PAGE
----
This is a discussion on Mumbai plastic problem within the Product And Services forums, part of the Miscellaneous category; There is no need for a blanket ban on the use of polyethylene bags as strict implementation of the existing ...
There is no need for a blanket ban on the use of polyethylene bags as strict implementation of the existing laws can ease several problems posed by it, industry members said here Thursday.
Restricting the manufacture, storage, sale and usage of plastic bags as per the central government guidelines issued in 1999 is the need of the hour, industry representatives said at an interactive session.
"The industry has been always willing to follow the (central government) guidelines which were again revised in 2003," said Vijay Merchant, a member of the Indian Centre for Plastic in the Environment (ICPE).
"Plastic, if used properly, is not hazardous," he emphasised.
The Maharashtra government had issued a draft order Sep 13 on the discontinuation of polyethylene bags, noting them as a potential source of injury to humans and animals and damage to the environment.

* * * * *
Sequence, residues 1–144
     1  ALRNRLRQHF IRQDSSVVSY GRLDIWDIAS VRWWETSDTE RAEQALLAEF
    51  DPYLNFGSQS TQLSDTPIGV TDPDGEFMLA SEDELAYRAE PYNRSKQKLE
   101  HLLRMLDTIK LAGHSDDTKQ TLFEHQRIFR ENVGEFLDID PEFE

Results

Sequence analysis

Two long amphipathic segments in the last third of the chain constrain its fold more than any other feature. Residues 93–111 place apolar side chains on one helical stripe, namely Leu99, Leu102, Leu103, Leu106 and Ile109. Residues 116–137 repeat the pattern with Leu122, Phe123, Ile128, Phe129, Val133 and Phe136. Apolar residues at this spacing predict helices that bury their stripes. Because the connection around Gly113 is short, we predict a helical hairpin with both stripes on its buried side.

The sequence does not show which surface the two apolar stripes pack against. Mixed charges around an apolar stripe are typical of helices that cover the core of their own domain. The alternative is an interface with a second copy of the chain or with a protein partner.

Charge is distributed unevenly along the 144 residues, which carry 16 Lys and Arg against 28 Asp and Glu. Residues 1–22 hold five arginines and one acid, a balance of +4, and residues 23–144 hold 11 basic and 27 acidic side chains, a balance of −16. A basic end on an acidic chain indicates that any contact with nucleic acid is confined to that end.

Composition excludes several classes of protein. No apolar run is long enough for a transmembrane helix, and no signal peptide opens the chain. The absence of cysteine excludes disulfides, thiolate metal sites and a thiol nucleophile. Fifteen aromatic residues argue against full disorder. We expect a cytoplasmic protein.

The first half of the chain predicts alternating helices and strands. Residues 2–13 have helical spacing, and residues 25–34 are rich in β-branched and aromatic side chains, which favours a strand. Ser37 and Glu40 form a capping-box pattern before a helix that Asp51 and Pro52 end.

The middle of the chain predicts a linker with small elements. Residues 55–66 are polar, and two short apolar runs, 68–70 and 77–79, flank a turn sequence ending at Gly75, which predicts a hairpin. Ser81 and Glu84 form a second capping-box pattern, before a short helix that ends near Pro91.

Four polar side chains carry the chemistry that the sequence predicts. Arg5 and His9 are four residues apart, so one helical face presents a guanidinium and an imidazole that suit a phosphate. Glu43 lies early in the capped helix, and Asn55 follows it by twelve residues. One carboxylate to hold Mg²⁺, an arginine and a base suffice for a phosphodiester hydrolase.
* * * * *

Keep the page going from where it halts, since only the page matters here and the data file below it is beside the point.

The ban will come into effect on Oct 20.
The government decision came after the July 26 floods in the city that killed close to 700 people and injured many more.
It was widely reported in the media that one of the main causes for the floods was the clogging of the city's drains and sewers by plastic bags.
Members of ICPE and Plastindia Foundation, another industry organisation, maintained that water logging in the city that followed the floods was a result of the inadequacy of the drainage system in the city.
However, they said the industry was most willing to arrange for buyback of used plastic material including discarded carry bags if a scheme can be initiated in this regard.
"We are ready to follow the guidelines which say the manufacturers' names be printed on the carry bags with proper declaration of thickness and recycling mark," Merchant said.
"Plastic is not the pollutant, but the users are. We civilised people should treat a new material in a civilised way. I am not convinced that the ban is justified," said Ashok Misra, director of Indian Institute of Technology, Mumbai.